A couple (Photo: Thinkstock) (Photo: Thinkstock)

An issue that has found its way into political campaigns and dinner conversations for years is increasingly manifesting itself in retirement planning sessions with financial advisors and wealth managers: rising income inequality in America.

Data trends for the past several years have indicated that the rich are getting richer and the poor are getting poorer in the U.S., with the top 1% of families taking home an average of 26.3 times as much income as the bottom 99% last year, according to the non-partisan Economic Policy Institute. This trend, which has accelerated since 2009, is a reversal of what was seen during and after the Great Depression, where the gap between rich and poor narrowed.

(Related: Wealthy U.S. Kids Count On Inheritance to Fund Their Retirement)

So it is perhaps not surprising that a pair of recent studies confirm that the wealth disparity gap can now be measured when it comes to retirement planning and funding.

The 2018 Planning & Progress Study from Northwestern Mutual found a significant dichotomy. On the one hand, the study revealed that a shocking 21% of Americans have nothing at all saved for retirement and another 10% have less than $5,000 in savings. More broadly, 78% of Americans reported being “extremely” or “somewhat” concerned about not having enough money for retirement. On the other hand, roughly one in four respondents have at least $200,000 in savings and 22% report they are “not at all” concerned about having sufficient finances available for their golden years.

The August 2018 Financial Security Index from Bankrate found more evidence of this disparity. The survey discovered that 13% of Americans are saving less for retirement than they were last year, in spite of the strong year of economic growth in almost all regions and most industries. The most common reason cited (26 percent) was that their income hasn’t changed or has in fact decreased, which is consistent with federal data that shows re-al wages have hardly budged for many years. However, the survey also found that more than one in four Americans increased the amount they saved for retirement last year, the highest one-year increase seen since Bankrate began conducting the study back in 2011.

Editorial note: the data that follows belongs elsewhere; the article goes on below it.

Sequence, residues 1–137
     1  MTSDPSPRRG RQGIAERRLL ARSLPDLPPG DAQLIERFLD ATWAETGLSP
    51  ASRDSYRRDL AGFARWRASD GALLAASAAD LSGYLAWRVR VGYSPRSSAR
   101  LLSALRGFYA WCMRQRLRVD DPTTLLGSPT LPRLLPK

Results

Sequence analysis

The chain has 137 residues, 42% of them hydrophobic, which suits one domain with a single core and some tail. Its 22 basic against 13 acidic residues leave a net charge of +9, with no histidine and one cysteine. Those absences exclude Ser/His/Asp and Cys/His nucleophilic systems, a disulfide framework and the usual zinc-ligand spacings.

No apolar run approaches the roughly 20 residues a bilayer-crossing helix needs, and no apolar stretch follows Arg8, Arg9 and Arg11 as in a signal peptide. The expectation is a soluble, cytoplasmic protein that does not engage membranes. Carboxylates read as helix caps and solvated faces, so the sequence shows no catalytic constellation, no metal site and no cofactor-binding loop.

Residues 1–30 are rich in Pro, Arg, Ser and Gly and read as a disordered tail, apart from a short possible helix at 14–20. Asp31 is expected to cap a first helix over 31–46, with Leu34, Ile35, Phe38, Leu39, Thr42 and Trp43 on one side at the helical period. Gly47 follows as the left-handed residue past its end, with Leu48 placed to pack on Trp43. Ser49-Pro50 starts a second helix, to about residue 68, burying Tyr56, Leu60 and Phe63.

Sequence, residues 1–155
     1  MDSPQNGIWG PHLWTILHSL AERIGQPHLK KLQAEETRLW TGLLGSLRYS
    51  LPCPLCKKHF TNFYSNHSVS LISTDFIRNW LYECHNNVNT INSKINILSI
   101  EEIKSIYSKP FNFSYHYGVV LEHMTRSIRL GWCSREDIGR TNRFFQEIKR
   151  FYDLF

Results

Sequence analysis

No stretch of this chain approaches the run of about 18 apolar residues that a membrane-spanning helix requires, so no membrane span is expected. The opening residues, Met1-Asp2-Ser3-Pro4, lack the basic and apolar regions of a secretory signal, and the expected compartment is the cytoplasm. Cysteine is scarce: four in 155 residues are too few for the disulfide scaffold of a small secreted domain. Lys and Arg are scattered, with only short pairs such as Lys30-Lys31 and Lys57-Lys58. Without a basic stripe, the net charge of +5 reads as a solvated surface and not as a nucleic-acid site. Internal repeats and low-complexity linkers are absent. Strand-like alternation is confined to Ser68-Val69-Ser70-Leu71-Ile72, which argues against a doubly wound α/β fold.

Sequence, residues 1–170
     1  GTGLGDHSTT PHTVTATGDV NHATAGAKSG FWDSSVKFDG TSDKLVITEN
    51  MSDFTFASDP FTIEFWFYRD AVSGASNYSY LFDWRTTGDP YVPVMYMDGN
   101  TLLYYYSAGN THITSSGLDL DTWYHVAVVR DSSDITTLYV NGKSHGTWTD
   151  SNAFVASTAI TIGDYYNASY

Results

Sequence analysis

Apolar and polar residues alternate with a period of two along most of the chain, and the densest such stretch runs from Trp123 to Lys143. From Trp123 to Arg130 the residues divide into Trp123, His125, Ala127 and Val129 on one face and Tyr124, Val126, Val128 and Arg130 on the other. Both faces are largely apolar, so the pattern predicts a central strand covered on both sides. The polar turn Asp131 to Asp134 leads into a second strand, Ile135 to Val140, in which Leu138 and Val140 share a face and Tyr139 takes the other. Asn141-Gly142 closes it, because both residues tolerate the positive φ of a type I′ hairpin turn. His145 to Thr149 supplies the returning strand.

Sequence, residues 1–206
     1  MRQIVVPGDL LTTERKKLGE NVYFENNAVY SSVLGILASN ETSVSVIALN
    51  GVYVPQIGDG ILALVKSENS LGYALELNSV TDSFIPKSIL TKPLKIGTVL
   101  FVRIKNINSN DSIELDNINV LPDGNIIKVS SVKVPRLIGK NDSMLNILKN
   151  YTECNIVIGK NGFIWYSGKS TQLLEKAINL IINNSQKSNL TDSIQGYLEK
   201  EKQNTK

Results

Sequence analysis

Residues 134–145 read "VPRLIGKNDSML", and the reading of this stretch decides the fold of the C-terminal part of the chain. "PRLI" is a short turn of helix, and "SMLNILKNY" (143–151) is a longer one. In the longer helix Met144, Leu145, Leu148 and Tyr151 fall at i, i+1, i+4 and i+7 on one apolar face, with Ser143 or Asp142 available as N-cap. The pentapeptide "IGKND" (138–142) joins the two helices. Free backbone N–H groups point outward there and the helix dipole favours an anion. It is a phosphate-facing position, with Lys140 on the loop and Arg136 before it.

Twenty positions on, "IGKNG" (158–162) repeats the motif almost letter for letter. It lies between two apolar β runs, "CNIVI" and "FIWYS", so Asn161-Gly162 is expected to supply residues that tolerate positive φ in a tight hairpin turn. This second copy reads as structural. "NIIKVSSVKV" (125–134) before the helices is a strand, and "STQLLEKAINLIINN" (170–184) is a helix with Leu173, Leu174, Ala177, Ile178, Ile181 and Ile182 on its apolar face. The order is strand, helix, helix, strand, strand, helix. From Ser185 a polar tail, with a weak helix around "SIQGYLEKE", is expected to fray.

This retirement planning gap between the most economically successful in America and those are continuing to fall behind is going to create a more pressing challenge for financial advisors in the years ahead. How do we help seniors who were unable to keep pace with the accumulation of wealth enjoyed by their neighbors during the peak earning years of their lives? Where do we help them to turn when there are no more years left on the calendar for them to earn salaries and set aside funds?

As many insurance professionals and savvy advisors have discovered in recent years, one creative way for you to help these vulnerable clients is to evaluate all potential assets available to them, including the less-obvious and illiquid assets they might not even realize have potential cash value to them right now. One example of this is real estate — for seniors who own their home and wish to age in place, a reverse mortgage can be an excellent option to consider. Another example that is growing in popularity is life insurance — many of your clients would be surprised to learn that their life insurance policy is private property that has value, just like a house or a car, and can be sold for an immediate cash payment. Any qualified life settlement professional will be happy to review your client’s policy and provide you with a preliminary idea of whether you might be able to help them sell the asset for an amount that is much greater than its cash surrender value.

The challenge of rising income inequality creates plenty of important political de-bates and cultural implications, but it has now revealed itself in our world of retirement planning. Financial advisors, life insurance professionals and wealth managers have a unique opportunity to counsel those clients who were unable to keep pace with their more fortunate fellow citizens and find themselves with a shortfall in retirement funds. It just may re-quire some more creative thinking and a closer look at less-obvious assets that can generate cash for seniors.

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Darwin M. Bayston, CFA, is the president and CEO of the Life Insurance Settlement Association (LISA).